The world-famous island abbey may stand just across the border in Normandy, but much of the phenomenal World Heritage Site Baie du Mont-Saint-Michel forms part of Brittany. Try out fascinating different ways to appreciate the Breton half of the bay, including some very surprising culinary routes.
A magical island topped by a gravity-defying medieval monastery, the Mont-Saint-Michel counts among France’s most stunning sights. For centuries one of Europe’s major pilgrimage destinations, this holy island is now a UNESCO World Heritage Site, as is its breathtaking bay.
Walking through the cobbled streets of St Malo’s old town feels like you’ve stepped back in time. This popular tourist destination and busy ferry port offers visitors an authentic glimpse into Brittany’s important seafaring past. There be pirates…
Dinan is without doubt one of the most attractive and best preserved small towns in Brittany. With its 1.8 mile (3km)-long ramparts, half-timbered houses, attractive port and cobbled streets filled with art galleries and craft shops, it’s worth a day of anyone’s time.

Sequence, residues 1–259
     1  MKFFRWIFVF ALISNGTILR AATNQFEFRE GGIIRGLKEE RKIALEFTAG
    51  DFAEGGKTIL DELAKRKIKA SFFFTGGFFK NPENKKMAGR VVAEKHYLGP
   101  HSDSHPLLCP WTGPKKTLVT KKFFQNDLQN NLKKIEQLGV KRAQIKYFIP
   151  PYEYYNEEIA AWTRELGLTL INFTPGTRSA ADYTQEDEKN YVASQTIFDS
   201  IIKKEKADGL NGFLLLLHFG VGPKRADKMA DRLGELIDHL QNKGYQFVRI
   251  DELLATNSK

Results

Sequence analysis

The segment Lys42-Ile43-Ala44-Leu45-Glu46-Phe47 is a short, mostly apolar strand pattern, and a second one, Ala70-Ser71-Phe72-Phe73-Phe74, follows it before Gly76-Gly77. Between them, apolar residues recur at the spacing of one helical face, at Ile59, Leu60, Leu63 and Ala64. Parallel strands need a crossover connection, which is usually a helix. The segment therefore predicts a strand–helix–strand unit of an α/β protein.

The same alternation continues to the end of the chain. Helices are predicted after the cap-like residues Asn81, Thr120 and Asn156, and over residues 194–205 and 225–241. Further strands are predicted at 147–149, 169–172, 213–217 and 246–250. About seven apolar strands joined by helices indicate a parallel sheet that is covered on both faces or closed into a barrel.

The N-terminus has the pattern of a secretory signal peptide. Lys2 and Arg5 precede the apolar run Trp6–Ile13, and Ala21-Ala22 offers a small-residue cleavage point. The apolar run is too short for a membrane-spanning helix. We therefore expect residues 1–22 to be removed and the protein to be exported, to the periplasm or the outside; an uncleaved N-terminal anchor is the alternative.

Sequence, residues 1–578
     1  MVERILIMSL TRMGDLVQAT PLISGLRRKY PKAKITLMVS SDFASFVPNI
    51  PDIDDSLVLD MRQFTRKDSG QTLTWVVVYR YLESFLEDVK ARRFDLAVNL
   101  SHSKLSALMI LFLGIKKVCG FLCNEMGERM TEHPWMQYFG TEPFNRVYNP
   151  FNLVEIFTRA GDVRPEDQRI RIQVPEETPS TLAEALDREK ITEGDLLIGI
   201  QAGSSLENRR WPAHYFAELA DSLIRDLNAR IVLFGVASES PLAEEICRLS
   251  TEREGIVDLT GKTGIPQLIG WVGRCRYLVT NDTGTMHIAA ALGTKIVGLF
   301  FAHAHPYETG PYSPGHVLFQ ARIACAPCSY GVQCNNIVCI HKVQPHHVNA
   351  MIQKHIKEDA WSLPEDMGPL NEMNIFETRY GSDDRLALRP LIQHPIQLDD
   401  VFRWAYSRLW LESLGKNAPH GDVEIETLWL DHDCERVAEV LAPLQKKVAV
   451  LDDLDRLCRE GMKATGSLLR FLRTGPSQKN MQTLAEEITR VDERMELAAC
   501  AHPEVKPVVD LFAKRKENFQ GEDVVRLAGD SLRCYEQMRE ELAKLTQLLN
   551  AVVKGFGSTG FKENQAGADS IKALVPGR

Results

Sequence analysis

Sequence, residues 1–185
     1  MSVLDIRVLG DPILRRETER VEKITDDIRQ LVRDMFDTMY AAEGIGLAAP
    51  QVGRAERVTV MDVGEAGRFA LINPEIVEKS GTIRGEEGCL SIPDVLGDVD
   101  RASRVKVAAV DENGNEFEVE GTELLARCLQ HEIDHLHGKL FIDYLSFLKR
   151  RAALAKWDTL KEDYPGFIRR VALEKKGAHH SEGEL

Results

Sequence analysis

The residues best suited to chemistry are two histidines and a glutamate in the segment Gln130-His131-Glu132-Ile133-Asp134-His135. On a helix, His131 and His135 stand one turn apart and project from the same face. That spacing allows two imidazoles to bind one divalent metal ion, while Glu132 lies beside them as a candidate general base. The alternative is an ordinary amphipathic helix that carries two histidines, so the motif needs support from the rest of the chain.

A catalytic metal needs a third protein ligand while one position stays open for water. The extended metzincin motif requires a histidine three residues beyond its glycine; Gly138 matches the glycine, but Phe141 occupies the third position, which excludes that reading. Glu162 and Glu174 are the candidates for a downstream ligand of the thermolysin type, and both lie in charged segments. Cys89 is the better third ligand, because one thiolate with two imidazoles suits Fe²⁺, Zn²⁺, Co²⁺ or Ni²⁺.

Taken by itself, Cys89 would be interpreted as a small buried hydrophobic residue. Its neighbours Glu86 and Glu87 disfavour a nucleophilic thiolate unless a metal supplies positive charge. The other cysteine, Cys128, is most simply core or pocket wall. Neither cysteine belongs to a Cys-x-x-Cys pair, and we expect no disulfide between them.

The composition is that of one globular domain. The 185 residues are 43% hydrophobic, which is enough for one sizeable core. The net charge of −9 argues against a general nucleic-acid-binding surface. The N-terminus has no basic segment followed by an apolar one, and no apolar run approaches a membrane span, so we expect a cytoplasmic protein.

Mention Cancale to a Frenchman or a foodie and the instant response will be ‘oysters’; the magnificent molluscs have been cultivated in this attractive fishing village for hundreds of years. There are also breathtaking views over the Baie du Mont-Saint-Michel and scenic walks around the coast.
DOL DE BRETAGNE ET LE MONT DOL
The proud little historic city of Dol, with its fascinating cathedral, was built above the marshes extending to the Baie de Mont-Saint-Michel. Out of this dramatically flat landscape emerges an extraordinary outcrop, Mont Dol, where Saint Michael supposedly fought off Satan. Climb it for elating views.